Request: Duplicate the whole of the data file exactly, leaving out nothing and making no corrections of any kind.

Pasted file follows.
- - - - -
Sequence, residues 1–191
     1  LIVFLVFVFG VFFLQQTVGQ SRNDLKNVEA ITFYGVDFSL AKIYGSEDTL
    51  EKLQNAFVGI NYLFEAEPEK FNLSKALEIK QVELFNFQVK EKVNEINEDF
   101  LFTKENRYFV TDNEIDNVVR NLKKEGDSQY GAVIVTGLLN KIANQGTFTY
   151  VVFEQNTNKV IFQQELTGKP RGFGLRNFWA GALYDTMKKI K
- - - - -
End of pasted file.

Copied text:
Sequence, residues 1–191
     1  LIVFLVFVFG VFFLQQTVGQ SRNDLKNVEA ITFYGVDFSL AKIYGSEDTL
    51  EKLQNAFVGI NYLFEAEPEK FNLSKALEIK QVELFNFQVK EKVNEINEDF
   101  LFTKENRYFV TDNEIDNVVR NLKKEGDSQY GAVIVTGLLN KIANQGTFTY
   151  VVFEQNTNKV IFQQELTGKP RGFGLRNFWA GALYDTMKKI K